The government recently announced its intention to abolish the requirements for personal licences to be renewed every 10 years. The first personal licences would have needed renewing from 2015.
The government has now launched a consultation on abolishing the whole system of personal licences arguing that it may be poorly targeted and ineffective. In place of the personal licensing regime they are proposing the following:
- An amendment to the mandatory conditions to require all sales to be authorised by the DPS rather than by the personal licence holder as is currently the case.
- To allow the police to object to a new DPS based on the crime prevention objective in general rather than only in exceptional circumstances.
- To allow licensing authorities to require a criminal records declaration with each new change of a DPS and to allow those who either are named as the DPS on the premises licence or have accredited training to have up to 50 Temporary Event Notices a year. Those without would be limited to giving only five.
The government believe that in many places, the sale of alcohol doesn’t cause a problem and that in those circumstances, the requirement to have a personal licence is an unnecessary burden on business.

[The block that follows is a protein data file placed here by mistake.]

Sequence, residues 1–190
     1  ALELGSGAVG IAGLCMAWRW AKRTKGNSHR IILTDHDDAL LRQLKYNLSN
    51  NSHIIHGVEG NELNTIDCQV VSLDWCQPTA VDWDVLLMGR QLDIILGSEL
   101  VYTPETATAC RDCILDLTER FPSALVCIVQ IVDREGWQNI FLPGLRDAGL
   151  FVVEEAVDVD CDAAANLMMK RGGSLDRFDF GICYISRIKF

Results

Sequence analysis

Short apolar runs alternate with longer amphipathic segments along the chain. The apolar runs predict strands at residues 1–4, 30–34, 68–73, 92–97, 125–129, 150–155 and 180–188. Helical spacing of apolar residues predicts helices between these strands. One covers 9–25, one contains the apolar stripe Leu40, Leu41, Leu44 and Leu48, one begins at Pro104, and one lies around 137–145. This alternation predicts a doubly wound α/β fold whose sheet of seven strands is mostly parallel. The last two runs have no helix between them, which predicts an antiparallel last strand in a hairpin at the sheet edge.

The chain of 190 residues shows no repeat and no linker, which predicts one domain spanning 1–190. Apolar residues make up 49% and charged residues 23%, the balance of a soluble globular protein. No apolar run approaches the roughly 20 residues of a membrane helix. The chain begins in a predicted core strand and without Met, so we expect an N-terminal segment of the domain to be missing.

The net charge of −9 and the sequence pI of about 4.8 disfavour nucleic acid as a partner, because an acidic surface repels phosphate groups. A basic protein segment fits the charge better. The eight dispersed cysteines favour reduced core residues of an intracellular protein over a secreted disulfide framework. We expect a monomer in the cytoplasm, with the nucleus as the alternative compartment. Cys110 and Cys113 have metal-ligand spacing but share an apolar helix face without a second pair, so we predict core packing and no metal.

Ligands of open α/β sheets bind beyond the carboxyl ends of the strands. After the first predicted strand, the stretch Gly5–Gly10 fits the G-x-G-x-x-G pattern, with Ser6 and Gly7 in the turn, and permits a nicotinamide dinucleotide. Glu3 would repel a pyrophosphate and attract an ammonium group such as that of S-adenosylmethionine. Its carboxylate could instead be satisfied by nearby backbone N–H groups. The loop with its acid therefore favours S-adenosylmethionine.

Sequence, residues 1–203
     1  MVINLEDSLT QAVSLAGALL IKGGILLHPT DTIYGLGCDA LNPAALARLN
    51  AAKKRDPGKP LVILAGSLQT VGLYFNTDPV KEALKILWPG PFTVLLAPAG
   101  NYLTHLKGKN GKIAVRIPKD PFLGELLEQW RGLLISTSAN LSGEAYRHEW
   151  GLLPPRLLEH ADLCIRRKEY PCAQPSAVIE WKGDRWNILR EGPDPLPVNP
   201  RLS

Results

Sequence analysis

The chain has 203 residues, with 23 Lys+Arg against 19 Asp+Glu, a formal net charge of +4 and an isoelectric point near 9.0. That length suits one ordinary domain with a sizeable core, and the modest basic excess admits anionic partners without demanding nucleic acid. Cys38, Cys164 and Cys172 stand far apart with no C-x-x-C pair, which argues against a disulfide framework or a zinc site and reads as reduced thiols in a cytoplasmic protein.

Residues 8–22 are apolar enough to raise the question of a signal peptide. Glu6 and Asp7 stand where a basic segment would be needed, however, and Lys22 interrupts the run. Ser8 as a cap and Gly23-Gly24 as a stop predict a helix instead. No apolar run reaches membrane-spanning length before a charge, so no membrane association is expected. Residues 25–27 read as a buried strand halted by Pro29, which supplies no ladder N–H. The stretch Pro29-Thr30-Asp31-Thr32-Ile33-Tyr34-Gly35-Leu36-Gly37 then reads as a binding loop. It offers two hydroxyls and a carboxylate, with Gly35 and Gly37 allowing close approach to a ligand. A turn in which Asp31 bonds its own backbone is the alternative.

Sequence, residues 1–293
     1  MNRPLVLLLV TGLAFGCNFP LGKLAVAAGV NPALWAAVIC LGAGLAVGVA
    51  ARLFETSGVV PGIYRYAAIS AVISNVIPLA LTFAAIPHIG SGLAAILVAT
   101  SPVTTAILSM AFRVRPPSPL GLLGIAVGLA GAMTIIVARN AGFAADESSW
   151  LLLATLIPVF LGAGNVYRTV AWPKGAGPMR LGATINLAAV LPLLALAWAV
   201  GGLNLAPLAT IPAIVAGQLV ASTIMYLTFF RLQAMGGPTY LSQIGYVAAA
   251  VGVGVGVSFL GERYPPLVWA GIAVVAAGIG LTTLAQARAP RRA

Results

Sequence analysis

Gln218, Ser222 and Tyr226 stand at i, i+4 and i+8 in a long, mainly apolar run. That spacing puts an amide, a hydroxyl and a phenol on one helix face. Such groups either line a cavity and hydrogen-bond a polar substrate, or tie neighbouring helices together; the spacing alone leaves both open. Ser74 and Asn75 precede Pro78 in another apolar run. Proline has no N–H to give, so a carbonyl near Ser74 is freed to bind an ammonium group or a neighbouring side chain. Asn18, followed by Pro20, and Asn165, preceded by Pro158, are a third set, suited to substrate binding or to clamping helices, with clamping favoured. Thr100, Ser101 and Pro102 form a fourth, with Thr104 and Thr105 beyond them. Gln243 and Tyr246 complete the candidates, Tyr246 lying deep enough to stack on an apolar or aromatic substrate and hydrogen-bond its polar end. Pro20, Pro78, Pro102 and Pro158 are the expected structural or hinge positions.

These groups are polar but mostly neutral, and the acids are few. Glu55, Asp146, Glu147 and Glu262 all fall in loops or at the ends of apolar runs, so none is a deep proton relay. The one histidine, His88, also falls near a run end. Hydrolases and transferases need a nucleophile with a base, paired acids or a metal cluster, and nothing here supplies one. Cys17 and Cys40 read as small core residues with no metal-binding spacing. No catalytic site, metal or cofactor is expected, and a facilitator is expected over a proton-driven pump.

The idea is to give local authorities more control, for example under the proposed regime, no one operating a pub would have to be trained unless the Local Authority had imposed a condition on the Premise Licence requiring training.
The most obvious upside of this will be that it will be easier for people to assume the position of DPS unless there is a condition imposed on a particular premises requiring training or a criminal records declaration to be provided, in which case, the process of appointment could be slowed down.
You can respond to the government consultation at https://www.gov.uk/government/consultations/personal-alcohol-licences-enabling-targeted-local-alternatives or by post to Alcohol Team, Drugs & Alcohol Unit, Home Office 4, 4th Floor, Fry Building, 2 Marsham Street, London SW1 4PF.
The consultation period ends on 7th November 2013.
For further information, contact Andrew Cochrane.